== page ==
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MSU student drive nets 1,500 pounds of food
By Patti Drapala
MSU Ag Communications
MISSISSIPPI STATE -- Mississippi State University students collected more than 1,500 pounds of canned goods in their War on Hunger food drive at semester's-end to help stock local pantries in the Mississippi Food Network.
The Committee of 19 campus organization sponsored the food drive, held the last week of April. Although many students had to study for final examinations, they honored their commitment to make a difference, said Chiquita Briley, committee faculty adviser and MSU Extension Service nutrition specialist.
“One fraternity donated more than 700 cans, and other student organizations collected significant amounts of food,” she said. “Many faculty members made an effort to motivate students to participate.”
The cans are being distributed among seven food pantries in Oktibbeha, Clay and Lowndes counties. In keeping with the request for a variety of foods rich in nutrients, student volunteers sorted soups, canned tuna and chicken, beef stews, pineapple chunks and green beans brought to the Hearnsburger Food Processing Plant on campus.
“The food pantries I contacted were excited to know they were receiving good food choices from the collection,” Briley said.
The committee partnered with the Mississippi Food Network, the Society of St. Andrew's and Students Team Up to Fight Hunger to conduct the drive. The donations will help pantries maintain their stocks that often are depleted in summer when more people seek assistance.
“When school is out, families on limited incomes must deal with the issue of providing three nutritious meals a day for their children,” Briley said. “If they cannot afford foods that are nutrient-dense, it impacts the health and well-being of the entire family."
Food banks in Mississippi depend upon assistance from the Mississippi Food Network and America's Second Harvest, the national food network. According to statistics from http://www.secondharvest.org, more than 228,000 children under 18 and 57,000 adults over 65 live in poverty in Mississippi.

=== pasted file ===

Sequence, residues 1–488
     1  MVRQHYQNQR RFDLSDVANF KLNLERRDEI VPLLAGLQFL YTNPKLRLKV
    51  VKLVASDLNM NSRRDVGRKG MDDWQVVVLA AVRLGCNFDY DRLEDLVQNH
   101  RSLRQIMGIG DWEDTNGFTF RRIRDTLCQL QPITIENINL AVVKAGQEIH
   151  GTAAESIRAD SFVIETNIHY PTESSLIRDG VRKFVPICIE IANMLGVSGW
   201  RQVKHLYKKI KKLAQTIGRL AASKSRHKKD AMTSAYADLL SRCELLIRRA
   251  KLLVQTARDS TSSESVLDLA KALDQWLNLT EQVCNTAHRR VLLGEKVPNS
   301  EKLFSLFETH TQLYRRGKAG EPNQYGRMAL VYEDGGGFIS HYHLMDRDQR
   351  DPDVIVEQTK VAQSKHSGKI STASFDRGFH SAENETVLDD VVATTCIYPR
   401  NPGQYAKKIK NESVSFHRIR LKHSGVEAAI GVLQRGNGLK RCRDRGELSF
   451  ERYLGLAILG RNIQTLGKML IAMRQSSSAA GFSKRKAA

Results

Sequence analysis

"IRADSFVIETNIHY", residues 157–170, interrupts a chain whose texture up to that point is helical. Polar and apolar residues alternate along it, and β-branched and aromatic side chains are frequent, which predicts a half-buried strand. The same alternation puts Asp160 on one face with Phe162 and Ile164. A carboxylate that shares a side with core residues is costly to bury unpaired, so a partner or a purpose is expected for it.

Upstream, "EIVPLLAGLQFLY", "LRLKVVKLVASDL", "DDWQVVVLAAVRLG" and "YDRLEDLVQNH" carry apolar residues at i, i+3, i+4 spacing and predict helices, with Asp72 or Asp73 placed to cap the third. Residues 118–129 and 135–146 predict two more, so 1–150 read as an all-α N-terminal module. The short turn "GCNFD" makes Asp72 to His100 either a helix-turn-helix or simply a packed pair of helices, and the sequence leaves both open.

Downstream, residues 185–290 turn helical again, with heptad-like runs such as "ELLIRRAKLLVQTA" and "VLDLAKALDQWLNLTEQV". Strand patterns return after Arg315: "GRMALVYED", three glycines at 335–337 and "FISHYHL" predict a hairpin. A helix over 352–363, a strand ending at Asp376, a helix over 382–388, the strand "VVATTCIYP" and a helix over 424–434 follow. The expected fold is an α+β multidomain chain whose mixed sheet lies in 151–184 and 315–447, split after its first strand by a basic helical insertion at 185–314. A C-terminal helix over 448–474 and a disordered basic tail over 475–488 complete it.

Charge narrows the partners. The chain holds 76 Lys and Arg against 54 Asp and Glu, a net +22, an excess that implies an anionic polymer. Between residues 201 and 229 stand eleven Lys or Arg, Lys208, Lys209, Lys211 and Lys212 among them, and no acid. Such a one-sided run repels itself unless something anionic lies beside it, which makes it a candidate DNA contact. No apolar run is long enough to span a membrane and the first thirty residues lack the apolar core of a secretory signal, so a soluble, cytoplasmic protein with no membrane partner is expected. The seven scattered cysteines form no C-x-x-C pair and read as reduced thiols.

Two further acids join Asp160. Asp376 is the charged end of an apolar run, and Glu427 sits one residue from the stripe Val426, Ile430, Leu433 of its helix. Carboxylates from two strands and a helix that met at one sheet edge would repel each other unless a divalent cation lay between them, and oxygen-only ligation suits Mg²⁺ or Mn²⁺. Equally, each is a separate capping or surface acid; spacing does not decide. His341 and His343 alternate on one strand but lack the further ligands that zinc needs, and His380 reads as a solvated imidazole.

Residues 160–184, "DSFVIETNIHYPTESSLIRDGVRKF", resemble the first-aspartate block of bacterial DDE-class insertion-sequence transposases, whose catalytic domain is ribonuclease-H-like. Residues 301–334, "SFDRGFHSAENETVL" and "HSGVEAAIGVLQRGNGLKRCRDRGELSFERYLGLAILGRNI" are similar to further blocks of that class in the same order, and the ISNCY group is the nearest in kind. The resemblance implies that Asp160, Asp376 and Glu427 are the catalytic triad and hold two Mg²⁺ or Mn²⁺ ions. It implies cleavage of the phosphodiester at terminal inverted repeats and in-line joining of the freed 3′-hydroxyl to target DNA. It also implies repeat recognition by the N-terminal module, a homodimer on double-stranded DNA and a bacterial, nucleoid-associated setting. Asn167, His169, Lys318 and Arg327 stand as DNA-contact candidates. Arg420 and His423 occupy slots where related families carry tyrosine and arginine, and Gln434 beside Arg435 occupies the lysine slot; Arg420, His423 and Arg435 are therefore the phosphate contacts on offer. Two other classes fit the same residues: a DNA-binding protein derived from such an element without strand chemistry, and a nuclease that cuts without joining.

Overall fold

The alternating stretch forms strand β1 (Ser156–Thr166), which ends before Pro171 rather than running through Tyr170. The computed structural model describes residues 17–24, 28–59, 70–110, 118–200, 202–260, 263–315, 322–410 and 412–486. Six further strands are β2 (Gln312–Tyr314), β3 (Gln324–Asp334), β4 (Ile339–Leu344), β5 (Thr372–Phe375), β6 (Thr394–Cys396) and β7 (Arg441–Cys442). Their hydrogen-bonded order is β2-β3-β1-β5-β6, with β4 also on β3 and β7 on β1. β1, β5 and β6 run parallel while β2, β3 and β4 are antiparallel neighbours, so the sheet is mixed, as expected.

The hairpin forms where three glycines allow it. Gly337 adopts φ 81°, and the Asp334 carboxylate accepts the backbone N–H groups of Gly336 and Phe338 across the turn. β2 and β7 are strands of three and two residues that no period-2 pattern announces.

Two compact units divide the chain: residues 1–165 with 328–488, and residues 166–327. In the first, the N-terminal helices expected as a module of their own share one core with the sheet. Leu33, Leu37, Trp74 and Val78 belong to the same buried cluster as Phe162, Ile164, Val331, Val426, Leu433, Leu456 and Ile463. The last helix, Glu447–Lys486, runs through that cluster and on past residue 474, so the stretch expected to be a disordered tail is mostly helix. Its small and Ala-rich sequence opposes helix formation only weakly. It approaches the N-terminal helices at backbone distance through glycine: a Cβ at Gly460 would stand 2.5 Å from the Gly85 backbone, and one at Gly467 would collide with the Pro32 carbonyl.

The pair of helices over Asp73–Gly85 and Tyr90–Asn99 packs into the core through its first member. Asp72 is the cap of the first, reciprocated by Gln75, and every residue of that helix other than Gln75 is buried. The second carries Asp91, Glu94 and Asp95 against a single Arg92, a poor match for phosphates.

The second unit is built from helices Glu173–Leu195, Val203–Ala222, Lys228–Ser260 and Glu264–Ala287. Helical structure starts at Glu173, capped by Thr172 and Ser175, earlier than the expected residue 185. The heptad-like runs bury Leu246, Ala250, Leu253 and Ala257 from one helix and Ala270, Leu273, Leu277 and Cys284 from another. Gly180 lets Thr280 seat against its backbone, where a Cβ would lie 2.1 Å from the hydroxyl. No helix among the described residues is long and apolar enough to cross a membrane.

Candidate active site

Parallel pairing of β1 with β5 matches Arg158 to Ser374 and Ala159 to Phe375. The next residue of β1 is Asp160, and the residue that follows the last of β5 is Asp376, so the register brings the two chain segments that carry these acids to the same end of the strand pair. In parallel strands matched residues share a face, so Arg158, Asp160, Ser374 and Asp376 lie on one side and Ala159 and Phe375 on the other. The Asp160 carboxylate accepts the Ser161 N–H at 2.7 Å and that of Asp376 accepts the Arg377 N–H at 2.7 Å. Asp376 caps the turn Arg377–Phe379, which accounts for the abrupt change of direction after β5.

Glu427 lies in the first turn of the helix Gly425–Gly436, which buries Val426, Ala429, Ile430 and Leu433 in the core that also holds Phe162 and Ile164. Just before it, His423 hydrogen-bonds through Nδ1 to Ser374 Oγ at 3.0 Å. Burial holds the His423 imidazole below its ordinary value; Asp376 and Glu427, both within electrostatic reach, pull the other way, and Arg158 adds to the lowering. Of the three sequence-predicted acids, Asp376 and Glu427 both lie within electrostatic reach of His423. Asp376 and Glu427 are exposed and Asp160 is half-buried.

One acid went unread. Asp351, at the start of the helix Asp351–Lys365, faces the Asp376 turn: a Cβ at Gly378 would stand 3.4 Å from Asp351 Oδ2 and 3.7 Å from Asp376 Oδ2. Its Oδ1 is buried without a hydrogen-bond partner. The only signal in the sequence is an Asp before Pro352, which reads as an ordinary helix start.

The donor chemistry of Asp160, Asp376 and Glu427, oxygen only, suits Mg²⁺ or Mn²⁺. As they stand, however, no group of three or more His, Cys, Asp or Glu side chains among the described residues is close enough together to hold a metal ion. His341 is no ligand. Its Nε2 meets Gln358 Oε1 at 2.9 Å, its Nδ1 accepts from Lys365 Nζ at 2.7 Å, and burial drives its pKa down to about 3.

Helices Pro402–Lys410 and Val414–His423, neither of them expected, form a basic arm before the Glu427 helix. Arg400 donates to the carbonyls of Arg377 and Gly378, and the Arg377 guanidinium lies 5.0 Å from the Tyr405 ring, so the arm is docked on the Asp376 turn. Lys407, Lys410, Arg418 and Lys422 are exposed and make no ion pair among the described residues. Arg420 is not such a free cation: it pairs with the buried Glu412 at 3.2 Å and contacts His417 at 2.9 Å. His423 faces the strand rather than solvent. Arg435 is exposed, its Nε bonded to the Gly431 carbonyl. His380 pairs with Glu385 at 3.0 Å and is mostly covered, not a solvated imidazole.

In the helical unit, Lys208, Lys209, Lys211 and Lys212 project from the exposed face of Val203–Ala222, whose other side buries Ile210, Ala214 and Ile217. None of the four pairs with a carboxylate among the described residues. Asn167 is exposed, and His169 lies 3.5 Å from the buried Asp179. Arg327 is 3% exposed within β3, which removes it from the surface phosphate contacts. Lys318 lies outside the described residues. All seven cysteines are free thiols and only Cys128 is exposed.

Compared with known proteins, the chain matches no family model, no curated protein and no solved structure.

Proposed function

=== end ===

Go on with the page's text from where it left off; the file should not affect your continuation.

“Most of the clients who come to food pantries that we supply are working people not making enough money to pay their bills and feed their families,” said Marilyn Blackledge, Mississippi Food Network's director of development. “At the end of the month, they run out of food and must go to the pantries for help.”
Food pantries issue monthly reports to the Mississippi Food Network on the number of people who come for food. From January through March this year, Oktibbeha County food pantries served 2,755 people; Clay, 163; and Lowndes, 2,972.
Blackledge said more than 613,000 people in Mississippi don't have access to the food necessary to maintain a healthy lifestyle. The problem, which is called food insecurity, is an issue that Mississippi must address, she said.
“If you consider the population of Oktibbeha, Clay and Lowndes counties and continue in a line northeast to Lee County, the number of people who face food insecurity every day is at least 24,000,” Blackledge said.
Dan Kahn, founder of Students Team Up to Fight Hunger, a national network of students helping food pantries, said he was thrilled with MSU's effort.
“It's amazing to have this great result the first time,” said Kahn, an attorney in New York City. “It is difficult for students to get a food drive up and running, so MSU administrators should be proud of what their students have done.”
Committee leader Elisabeth Brooks, a junior nutrition major from Leakesville, said she hopes MSU's work can influence the other seven institutions of higher learning to conduct food drives for pantries in their area of the state.
“Students want to help the community,” she said. “There are many people who are suffering from food insecurity and need our help.”